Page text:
As it stands, this is a striking case of selective amnesia from someone who once collaborated with one of the finest lyricists of the Eighties, only to fetch up in a songwriting partnership with someone who seemingly strings his lyrics together from fridge magnets. And that’s with all due respect to Bernard Sumner – without whom the line from post-punk to New Pop to pre-house to post-house to Madchester baggy would be a good deal harder to trace – but, let’s face it, he’s hardly the most quotable of lyricists, and “Get The Message” is no exception.
So perhaps the strengths of “Get The Message” lie more in its arrangment (does its bassline carry a faint echo of Magazine’s “A Song From Under The Floorboards”, or have I just got Barry Adamson stuck in my brain today?), its mood, and the cultural weight which has been attached to it – for this is as good a representation of 1991 indie-dance as you’ll find.
My initial reaction on hearing this, the debut single from Gorillaz, was baffled disappointment; I thought that a cartoon band would sound jollier than this, and I couldn’t match the subdued mood with the sparky graphics. It wasn’t until the second album, 2005′s Demon Days, that the penny dropped and I began to grasp the point of the project, and so “Clint Eastwood” appeals to me more now than it ever did ten years ago. That said, there has always been a certain Late Review/Front Row/Sunday-broadsheet-culture-supplement dryness attached to Gorilla, which prevents them fully working as proper pop, and I’m already hearing it here.
In place of 2011′s real Number Nine (it’s a reissue of Tracy Chapman’s “Fast Car”, and I make it a rule to exclude reissues), I’ve substituted the track at Number Eleven. My jury’s still out on Beyonce‘s latest female-empowerment anthem; it doesn’t immediately bowl me over, but neither did “Single Ladies” for the first few weeks, and the two tracks do share a certain elemental, schoolyard-chant quality.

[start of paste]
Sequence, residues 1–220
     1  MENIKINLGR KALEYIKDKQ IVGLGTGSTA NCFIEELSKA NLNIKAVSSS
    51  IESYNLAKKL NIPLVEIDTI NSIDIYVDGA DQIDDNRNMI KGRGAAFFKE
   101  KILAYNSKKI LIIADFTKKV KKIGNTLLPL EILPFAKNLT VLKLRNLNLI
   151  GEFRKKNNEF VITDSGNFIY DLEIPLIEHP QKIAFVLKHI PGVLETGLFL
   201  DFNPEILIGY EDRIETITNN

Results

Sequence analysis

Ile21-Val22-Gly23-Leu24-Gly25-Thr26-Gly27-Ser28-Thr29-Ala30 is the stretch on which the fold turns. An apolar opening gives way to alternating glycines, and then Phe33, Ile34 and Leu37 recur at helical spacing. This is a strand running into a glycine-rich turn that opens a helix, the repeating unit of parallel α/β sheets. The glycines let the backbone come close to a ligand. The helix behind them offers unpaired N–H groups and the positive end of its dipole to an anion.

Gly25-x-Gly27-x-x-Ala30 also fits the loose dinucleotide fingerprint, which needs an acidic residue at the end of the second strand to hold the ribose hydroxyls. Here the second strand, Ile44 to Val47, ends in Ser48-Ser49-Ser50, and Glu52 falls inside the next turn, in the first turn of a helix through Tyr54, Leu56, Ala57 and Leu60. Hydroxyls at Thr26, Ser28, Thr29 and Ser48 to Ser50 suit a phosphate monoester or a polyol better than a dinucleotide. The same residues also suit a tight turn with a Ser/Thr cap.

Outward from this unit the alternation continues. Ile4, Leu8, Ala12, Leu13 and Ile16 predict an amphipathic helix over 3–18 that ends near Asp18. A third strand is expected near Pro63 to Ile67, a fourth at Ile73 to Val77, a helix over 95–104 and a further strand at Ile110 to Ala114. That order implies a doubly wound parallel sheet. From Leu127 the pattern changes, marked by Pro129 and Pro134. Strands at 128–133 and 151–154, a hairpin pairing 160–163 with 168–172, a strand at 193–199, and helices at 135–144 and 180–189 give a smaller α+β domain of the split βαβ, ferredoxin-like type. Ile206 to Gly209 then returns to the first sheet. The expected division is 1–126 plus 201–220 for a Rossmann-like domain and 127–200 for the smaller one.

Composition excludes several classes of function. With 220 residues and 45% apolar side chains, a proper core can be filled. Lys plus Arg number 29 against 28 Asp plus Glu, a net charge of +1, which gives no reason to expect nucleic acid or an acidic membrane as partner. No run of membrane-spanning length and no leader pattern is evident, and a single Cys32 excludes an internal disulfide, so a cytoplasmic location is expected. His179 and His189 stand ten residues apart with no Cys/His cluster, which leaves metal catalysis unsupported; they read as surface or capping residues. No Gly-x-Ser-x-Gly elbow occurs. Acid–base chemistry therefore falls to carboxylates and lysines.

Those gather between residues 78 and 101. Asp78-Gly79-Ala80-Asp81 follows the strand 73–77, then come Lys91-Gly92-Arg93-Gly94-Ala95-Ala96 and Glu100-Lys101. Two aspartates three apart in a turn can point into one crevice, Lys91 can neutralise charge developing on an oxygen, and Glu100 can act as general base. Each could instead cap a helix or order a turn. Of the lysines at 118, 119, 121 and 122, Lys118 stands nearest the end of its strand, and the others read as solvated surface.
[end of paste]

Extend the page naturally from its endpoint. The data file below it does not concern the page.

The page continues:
Not being previously familiar with the track on which this is heavily based – Major Lazer’s “Pon De Floor” – I shall deftly sidestep any discussions of their relative merits, save to say that my first thoughts on hearing “Run The World (Girls)” was “Ooh, she’s doing a MIA on us” – an impression which its provenance rather confirms.
And so to the voting. Goodness me, has it really been a whole week since I unveiled the Number Tens? I shall endeavour to whiz through the remaining eight rounds a little more efficiently, but – to be frank – I’ve found this a rather uninspiring round to blurb about, despite the weightiness of some of the names involved. Perhaps you’ll find more to cheer or to carp about than I have; I shall wait with baited breath!
If you were here twelve months ago, then you’ll know exactly what this is all about. If you weren’t here twelve months ago, then you’ll soon figure out what’s going on; just watch, absorb and imitate, and you should be fine.
But if you do need a quick summary: over the next two or three weeks, we’ll be collectively appraising the Top 10 UK singles charts from this week in 1961, 1971, 1981, 1991, 2001 and 2011. Today, we’ll be looking at the records at Number Ten in each chart; in the next post, we’ll look at the Number Nines, and so on until we reach the top. There will be voting, there will be scoring, and there will be cumulative, decade-against-decade ranking, all of which will be explained in due course.
OK. Ready? Let’s do it!
1961: Where The Boys Are – Connie Francis (video) (lyrics)
1971: Bridget The Midget (The Queen Of The Blues) – Ray Stevens (video) (lyrics)
1981: Lately – Stevie Wonder (video) (lyrics)
1991: Ring Ring Ring (Ha Ha Hey) – De La Soul (video) (lyrics)
2001: Star 69 – Fatboy Slim (video) (lyrics)
2011: Buzzin (Remix) – Mann ft 50 Cent (video) (lyrics)
Finally, the moment of ABSOLUTE POP TRUTH is upon us! And my goodness, what a nail-biter of a contest this has been. Halfway through the voting, two decades broke decisively ahead of the pack, establishing a lead that proved impossible to catch up with. Although one of them looked to have the edge, its rival chased it hard, making up crucial lost ground in the closing stages and ensuring a RIVETING PHOTO-FINISH. Oh yes.